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Begining Skis for Women

post #1 of 15
Thread Starter 
Hello,
I am new to this forum and have been reading past posts for a few days now, but still have a couple of questions.

There is a small ski area near where I live on the Eastern slope of the Sierras - it has exactly 2 lifts and a tiny warming hut. My 17 yo son has been snowboarding there a couple of times and he says it wouldn't cramp his style if Mom went, too. So I'm looking for ski gear.

I've been skiing about 5 times in the past 25 years, mostly on Hansel and Gretel slopes at Mammoth. Don't have much interest in going beyond the bunny slopes. I figure I'll ski with my son once or twice a year for 2 or 3 hours. I'm 50 and don't have much stamina or time for recreation, but I like my kid.

I'm 5'3" and weigh 110 dripping wet (probably add another 5-10 lbs for gear). I've been looking on ebay for women's skis and have a couple of options: 142cm skis that are 104/67/93 or 150cm that are 114/74/104. I would have more options if I could use gear for juniors - is that feasible at my height, weight and skill level?

I've been reading the fat-ski debate, but also read that short skis are more manuverable. Is there really much difference between 142cm and 150cm? Is there much difference between a waist of 67 and one of 74? Given my lack of experience, would I notice the difference between Dynastars and a pair of wooden planks strapped to my feet? I don't care if I look like a "gaper", whatever that is. I just want to noodle around on the hill without being too tired to go to work the next day.

Since I live in the middle of nowhere, I'm going to mail order. Skis are not sold locally and the ski area has very few rentals so if you are not first in line, your size may not be available. Whatever gear I get will just have to do.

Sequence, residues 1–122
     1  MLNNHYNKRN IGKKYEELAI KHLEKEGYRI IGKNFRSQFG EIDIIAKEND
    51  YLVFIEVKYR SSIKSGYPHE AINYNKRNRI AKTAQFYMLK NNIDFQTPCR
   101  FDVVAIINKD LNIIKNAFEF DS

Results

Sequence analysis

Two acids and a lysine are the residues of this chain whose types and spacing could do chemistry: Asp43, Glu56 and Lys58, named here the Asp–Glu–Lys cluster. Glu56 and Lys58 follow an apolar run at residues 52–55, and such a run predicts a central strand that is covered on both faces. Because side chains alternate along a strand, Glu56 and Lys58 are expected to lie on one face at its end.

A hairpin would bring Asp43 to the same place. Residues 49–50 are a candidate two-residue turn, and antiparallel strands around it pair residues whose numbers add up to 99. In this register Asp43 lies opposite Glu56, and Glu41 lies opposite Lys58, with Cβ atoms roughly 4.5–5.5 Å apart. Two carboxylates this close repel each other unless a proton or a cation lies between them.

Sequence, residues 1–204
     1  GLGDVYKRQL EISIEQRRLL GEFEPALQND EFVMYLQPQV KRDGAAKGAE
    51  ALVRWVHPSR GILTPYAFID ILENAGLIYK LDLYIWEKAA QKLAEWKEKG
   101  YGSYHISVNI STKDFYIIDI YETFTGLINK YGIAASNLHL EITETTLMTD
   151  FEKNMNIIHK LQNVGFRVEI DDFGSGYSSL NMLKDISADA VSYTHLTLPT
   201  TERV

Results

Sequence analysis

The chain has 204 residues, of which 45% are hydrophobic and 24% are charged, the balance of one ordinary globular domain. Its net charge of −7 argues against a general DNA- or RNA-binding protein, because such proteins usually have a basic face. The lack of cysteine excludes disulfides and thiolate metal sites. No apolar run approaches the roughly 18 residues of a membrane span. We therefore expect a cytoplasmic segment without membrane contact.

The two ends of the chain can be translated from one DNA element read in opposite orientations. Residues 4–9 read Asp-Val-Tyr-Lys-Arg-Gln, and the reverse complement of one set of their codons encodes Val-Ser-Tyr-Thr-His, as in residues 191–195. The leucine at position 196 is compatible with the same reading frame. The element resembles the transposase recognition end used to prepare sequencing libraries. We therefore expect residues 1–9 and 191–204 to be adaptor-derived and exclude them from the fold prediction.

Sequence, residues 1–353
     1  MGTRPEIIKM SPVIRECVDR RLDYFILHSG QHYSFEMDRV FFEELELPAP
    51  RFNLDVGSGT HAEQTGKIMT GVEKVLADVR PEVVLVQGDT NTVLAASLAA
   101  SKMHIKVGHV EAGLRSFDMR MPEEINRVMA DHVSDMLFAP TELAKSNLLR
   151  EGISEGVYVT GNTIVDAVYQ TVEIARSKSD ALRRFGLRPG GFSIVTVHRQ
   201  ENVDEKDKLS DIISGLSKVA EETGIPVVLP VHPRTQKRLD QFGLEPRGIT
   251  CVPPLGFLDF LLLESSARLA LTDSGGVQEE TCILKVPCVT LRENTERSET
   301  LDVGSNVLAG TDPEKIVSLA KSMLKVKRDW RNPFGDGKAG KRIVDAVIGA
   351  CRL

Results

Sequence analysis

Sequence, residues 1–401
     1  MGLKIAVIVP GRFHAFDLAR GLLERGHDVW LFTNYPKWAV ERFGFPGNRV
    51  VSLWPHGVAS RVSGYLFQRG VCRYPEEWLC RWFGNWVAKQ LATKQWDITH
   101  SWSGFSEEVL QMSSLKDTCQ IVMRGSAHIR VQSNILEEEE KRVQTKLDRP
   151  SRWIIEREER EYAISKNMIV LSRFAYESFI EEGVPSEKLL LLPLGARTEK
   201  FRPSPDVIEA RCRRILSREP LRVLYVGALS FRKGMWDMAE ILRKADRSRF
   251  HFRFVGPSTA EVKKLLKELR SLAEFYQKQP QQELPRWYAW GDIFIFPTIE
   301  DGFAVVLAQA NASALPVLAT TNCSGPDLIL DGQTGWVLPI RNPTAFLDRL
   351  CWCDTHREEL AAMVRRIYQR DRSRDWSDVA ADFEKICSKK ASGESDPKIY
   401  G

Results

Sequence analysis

I'm sorry to take the time of all you pros and semi-pros with rank beginner questions, but I am a bit lost. Thank you for taking a look at this.

Phoebe
post #2 of 15

Welcome to Epic!!!!

First, you found a great site for ski information and instruction. Hang around here awhile and you might just become addicted to this sport.

As for your request, please check out the search function tool as there are tons of articles on beginner and interm. ski equipment. You are also in the area of a great source of equipment. Try PMing "dawgcatching" , he can give you the best advice and prices on your needs. Good luck!

Hang tight, I'm sure that the knowledgable members will give you some suggestions....
post #3 of 15
I just got my wife skis.

We're all (2 sons, wife and myself) just beginning but she doesn't have historical (as in she never played any sports growing up) athleticism so I opted for her to get 'beginner' skis.

She is 5'3" and 100 pounds. The 150 cm Balanz 3:1 skis are working well for her.
post #4 of 15
Check out the Volkl Attiva skis for women. They have different skis for different levels. I have one of their older models, a Gamma 380 (last year's model). It is an intermediate ski, and my instructor said it is perfect for my level (around a 5).

Because of the narrow waist, some of these skis are more suited to groomed runs rather than powder skiing.